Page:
I hope everyone enjoys this summer reprieve and I’ll see you back here next Friday!
Bitcoin Price (in USD)
Bitcoin Price Action
Bitcoin loses monthly support level…
Bitcoin initially rallied over the weekend, unable to break previous highs and setting a new weekly resistance at $30,350.70 before rolling over and selling off. Bitcoin sold off on Monday, dropping through both support levels and not establishing a new low until $28,850.00.
As I said I thought might happen in last week’s video, when Bitcoin broke through last week’s support at $29,525.00, the monthly support at $29,417.14 also didn’t stand a chance.
From here, our key levels are now $30,350.70 on the upside and $28,850.00. Since the last big move was to the downside and the recovery has been weak, at best, technical analysis suggests we can expect a test of the weekly low with potential further breakdown with the next big area of support around $27,000.
The Bullish Case
Bulls are trying to make the argument that consolidation above the $29,000 level indicates a lot of buying support. Some Bulls believe Bitcoin might see a brief test of the $28,500, but that Bitcoin will hold that level without going lower as more buyers are eager to snap up whatever Bitcoin they can get at those prices.
The Bearish Case
Bears have taken the upper-hand this week now that $30K as well as key lower levels of support have given way. With the Federal Reserve’s announcement of an additional 0.25% rate hike this week and China experiencing a deflationary recession, the Bears argue that Bitcoin has no chance and will sell off from these levels and deep into the low $20K region.
Bitcoin Trade Update
Current Allocation: 0.667% (+0.067% since last week’s update)
Current Per-Coin Price: $30,342.29 (-0.34% since last week’s update)
Current Profit/Loss Status: -3.54% (-1.54% since last week’s update)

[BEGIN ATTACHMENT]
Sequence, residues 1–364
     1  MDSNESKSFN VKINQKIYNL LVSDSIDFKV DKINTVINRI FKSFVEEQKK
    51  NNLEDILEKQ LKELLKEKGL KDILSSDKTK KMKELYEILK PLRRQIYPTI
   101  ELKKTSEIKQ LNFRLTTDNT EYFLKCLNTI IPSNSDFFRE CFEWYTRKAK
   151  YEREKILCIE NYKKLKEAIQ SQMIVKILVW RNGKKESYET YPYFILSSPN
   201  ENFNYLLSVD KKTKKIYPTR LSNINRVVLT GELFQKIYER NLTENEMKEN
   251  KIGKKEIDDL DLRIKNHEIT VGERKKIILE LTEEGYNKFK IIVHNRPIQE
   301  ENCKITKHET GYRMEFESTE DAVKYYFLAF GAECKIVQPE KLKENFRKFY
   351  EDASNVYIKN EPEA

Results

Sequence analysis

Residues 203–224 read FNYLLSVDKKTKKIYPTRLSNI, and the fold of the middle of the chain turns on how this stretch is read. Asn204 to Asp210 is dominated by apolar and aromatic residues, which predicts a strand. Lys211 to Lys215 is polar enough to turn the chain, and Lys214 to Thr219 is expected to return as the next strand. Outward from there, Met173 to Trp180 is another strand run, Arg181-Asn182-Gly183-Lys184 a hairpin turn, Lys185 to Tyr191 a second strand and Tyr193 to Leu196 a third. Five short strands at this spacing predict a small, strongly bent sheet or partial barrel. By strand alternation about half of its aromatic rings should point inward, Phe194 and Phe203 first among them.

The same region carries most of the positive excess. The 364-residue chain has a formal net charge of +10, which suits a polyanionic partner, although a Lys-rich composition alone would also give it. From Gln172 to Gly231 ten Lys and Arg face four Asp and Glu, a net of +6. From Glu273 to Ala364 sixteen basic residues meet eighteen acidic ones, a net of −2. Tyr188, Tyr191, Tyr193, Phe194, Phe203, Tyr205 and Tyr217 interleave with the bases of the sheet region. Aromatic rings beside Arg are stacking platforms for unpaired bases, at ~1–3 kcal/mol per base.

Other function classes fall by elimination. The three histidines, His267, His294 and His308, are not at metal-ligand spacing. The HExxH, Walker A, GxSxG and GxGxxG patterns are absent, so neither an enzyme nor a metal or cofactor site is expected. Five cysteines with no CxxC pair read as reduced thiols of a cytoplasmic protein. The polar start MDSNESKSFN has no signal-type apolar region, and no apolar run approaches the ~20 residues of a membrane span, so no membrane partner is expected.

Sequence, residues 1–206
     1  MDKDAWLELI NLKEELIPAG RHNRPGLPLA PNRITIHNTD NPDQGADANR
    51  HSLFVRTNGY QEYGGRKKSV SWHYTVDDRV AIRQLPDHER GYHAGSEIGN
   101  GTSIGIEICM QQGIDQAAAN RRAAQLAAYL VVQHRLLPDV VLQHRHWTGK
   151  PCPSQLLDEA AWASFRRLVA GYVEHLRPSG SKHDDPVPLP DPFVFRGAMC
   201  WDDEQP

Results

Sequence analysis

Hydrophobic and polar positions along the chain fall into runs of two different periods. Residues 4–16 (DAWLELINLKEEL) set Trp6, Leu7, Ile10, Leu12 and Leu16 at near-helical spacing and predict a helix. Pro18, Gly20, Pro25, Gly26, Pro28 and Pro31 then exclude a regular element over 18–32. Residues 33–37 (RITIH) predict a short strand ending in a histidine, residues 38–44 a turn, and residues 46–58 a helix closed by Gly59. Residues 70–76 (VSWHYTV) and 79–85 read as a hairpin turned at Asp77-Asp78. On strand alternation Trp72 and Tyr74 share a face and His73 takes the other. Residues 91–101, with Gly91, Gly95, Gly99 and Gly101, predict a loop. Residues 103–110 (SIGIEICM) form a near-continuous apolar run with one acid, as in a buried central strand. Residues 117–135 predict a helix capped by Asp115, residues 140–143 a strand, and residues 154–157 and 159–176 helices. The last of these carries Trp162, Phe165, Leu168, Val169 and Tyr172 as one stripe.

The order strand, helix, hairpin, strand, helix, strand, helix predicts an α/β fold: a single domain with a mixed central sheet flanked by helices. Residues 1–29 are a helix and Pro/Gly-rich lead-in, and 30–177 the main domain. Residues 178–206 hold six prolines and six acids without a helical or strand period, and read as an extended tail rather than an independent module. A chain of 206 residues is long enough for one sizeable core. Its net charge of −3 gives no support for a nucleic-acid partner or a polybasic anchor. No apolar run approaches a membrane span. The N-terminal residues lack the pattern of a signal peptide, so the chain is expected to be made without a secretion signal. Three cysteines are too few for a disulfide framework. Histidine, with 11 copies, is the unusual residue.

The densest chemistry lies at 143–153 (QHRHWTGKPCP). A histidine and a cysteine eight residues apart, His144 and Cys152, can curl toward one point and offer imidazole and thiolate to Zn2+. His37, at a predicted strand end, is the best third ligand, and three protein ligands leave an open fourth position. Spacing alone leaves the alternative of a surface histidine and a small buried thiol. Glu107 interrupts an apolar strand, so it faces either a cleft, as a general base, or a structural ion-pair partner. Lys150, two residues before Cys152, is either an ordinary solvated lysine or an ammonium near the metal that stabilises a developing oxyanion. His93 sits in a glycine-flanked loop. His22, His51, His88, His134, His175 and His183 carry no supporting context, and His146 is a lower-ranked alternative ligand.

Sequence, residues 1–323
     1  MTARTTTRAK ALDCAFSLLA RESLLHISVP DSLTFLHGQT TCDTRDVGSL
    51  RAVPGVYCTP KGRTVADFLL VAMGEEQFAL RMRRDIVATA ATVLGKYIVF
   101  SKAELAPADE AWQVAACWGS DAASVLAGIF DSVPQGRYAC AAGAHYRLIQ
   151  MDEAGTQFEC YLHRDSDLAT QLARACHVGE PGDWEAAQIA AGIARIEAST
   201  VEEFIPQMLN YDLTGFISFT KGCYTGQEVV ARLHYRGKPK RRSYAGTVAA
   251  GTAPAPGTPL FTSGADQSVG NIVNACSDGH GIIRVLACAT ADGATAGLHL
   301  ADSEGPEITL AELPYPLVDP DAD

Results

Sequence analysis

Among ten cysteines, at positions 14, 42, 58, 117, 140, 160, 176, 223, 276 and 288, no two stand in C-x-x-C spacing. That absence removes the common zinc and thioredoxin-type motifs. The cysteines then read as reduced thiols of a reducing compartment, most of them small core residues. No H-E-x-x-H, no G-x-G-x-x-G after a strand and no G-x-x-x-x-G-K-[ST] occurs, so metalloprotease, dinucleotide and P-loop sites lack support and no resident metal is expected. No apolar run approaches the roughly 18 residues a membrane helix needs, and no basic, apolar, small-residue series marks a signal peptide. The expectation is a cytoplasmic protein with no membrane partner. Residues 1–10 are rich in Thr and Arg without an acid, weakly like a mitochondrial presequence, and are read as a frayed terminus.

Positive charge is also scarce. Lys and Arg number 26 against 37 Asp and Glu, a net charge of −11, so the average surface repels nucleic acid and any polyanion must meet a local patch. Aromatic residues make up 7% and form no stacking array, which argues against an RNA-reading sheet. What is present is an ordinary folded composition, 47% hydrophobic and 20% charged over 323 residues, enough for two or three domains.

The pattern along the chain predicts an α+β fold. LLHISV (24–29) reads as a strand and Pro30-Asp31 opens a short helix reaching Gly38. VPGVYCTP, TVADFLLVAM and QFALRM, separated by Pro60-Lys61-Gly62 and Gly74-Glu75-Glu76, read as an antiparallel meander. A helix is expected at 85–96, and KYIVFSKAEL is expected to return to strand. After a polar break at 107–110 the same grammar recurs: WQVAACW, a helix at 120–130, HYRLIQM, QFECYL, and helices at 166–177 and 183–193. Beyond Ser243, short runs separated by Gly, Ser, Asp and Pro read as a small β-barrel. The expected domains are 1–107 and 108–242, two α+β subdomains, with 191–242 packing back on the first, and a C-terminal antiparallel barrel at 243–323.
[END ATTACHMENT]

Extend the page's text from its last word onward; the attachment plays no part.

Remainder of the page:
Bitcoin started triggering my buy orders when it sold off on Monday with my first buy going through at $29,670.00 and my lowest buy of the week hitting at $29,097.30, giving me a $29,440.34 average buying price (after trading fees).
The combined buys lowered my per-coin cost -0.34% from $30,445.93 to $30,342.29 and raised my allocation +0.067% from 0.600% to 0.667%.
Bitcoin Buying Targets
Using Moving Averages and supporting trend-lines as guides, here is my plan for my next ten (10) buying quantities and prices:
0.027% @ $28,939
0.027% @ $28,518
0.027% @ $27,876
0.033% @ $26,579
0.173% @ $25,737
0.076% @ $25,454
0.179% @ $24,854
0.434% @ $23,660
0.786% @ $22,184
0.569% @ $21,521
Not Your Keys, Not Your Crypto…
In light of brokerage failures in 2022, I no longer keep any of my crypto on an exchange and I only keep enough USD on the exchanges I use to execute my next few buys. I use multiple cold wallets from the brands Ledger and Trezor to hold my crypto (click the links to access the direct sites, and I receive no affiliate benefits from these links).
Additionally, I have now divided my allocated USD between two different exchanges – Gemini and Coinbase – in case one (or both) becomes insolvent. Disclaimer: We both receive a bonus if you use either my Gemini or Coinbase referral links to open accounts.